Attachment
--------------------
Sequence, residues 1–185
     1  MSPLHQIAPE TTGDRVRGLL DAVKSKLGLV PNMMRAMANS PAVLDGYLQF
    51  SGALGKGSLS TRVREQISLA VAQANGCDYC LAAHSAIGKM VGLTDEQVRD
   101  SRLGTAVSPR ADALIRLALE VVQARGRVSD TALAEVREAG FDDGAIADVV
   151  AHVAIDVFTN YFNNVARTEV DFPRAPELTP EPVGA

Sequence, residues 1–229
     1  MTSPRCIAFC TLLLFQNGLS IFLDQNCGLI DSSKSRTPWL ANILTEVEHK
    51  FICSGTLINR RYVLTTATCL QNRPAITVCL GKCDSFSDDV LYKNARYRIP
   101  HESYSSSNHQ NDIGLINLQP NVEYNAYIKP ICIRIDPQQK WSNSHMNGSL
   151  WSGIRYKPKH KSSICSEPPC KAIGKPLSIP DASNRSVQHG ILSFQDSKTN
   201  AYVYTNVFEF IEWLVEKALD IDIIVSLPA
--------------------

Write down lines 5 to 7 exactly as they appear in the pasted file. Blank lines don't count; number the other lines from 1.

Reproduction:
   151  AHVAIDVFTN YFNNVARTEV DFPRAPELTP EPVGA

Sequence, residues 1–229
     1  MTSPRCIAFC TLLLFQNGLS IFLDQNCGLI DSSKSRTPWL ANILTEVEHK